(Pheretima) – A burrowing earthworm.
AKA: California Golden Giant, Florida Wiggler, Georgia Jumper, Brown Nose, Grays.
I don’t know how this worm was dubbed a “Golden Giant” because it is not a giant and it is not gold. Maybe it’s worth it’s weight in gold to some folks but not me. The brown nose and the grays are strictly named for their appearance which varies because of the environmental conditions and may very well be a subspecies of the Alabama Jumper. I do not claim to be a taxonomist. This worm enjoys the tropical and subtropical areas but can escape the freezing weather of the Chattanooga TN area, and is also found in the temperate California climate. The Pheretima is the most widely distributed genus of the megascolecid group of earthworms. There are many peregrine species spread throughout the world. This is the only earthworm that is quite comfortable in sandy soils that has very little organic content. They do not pull their feed into their burrows, but feed on the surface organics and deposit their casts on the surface. Great for land reclamation in areas where there is plenty of shade and organic matter for them to consume. It may be anything from manures, food waste, leaves, etc…
African Night Crawlers
(Eudrilus eugeniae) – A Burrowing earthworm
AKA: Japanese Tiger, Super Red, California Super Red
This worm is a very temperamental worm to raise and had the tendency to crawl for no particular reason. It is often used exclusively for the casting production market. The marketing of this worm for bait or for land reclamation has been very limited. It produces a very beautiful cast but it is no better than any other castings except for looks. This worm is often marketed as a Redworm to the unsuspecting bait dealer, but the fisherman always knows the difference. It is very costly to hold these worms between 70 and 80 degrees to promote capsule production. They are very prolific breeders.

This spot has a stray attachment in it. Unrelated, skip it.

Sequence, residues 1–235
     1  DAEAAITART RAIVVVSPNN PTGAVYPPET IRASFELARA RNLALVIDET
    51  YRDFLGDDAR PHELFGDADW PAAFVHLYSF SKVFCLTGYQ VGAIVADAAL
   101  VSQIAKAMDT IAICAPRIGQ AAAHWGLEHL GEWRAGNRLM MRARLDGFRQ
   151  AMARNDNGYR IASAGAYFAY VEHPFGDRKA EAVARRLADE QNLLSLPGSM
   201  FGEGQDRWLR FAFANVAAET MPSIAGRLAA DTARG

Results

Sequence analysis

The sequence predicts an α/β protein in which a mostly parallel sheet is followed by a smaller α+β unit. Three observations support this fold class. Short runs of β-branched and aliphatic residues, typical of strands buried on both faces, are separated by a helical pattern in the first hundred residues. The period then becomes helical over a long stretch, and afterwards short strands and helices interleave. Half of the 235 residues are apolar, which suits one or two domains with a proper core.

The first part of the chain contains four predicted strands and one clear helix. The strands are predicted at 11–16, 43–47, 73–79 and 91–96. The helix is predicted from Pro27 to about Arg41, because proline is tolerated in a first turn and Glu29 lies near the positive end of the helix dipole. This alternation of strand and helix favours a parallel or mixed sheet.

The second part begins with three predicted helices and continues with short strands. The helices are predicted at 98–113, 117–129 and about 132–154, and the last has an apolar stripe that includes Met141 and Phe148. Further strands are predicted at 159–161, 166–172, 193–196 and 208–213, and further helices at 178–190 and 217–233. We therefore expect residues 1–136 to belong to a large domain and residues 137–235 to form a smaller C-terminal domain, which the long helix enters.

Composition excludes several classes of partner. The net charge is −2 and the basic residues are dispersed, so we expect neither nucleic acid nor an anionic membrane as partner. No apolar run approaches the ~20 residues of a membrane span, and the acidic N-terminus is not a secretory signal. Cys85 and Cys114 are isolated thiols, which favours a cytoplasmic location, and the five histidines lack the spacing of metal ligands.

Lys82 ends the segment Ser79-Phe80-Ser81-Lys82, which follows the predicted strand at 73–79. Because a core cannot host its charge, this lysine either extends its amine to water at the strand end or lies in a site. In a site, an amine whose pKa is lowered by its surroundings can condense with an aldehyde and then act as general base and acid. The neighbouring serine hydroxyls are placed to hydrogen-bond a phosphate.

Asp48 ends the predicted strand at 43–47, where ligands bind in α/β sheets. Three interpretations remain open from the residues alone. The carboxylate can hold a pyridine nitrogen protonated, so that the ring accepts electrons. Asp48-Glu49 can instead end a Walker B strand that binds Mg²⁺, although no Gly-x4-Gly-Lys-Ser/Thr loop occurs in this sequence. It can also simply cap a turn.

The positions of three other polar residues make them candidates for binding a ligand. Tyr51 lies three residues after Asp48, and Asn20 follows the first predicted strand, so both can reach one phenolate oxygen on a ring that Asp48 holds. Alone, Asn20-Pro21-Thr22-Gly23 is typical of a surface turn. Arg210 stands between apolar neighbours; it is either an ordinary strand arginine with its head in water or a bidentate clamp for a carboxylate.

Lawn and Garden Worm Culture
Excellent for organic gardeners.
This is a mixture of three species of worms that will adjust to about any climate. The temperature and climate will determine which of the three worms we become dominant. The Eisenia is a surface dweller, the Pheritema is a deep burrowing worm and the Dendrobaena is an intermediate burrowing worm and is considered a great leaf worm. Comes with directions for care of garden culture. Excellent for new and established lawns. Approximately 1500 to 2000 worms per 5 lb. culture. Contains egg capsules, small and large worms.
European Night Crawler Egg Capsules
European Night Crawler Egg Capsules are collected fresh when processing the pure worm castings. This is done every two to three weeks. It may take 3 to 4 weeks of lead time before your egg capsules may be shipped.
Each pound of the hatch material will contain 750 to 1200 egg capsules and each egg capsule will hatch 1 to 5 small worms. Average hatch of 2500 worms per pound of hatch material.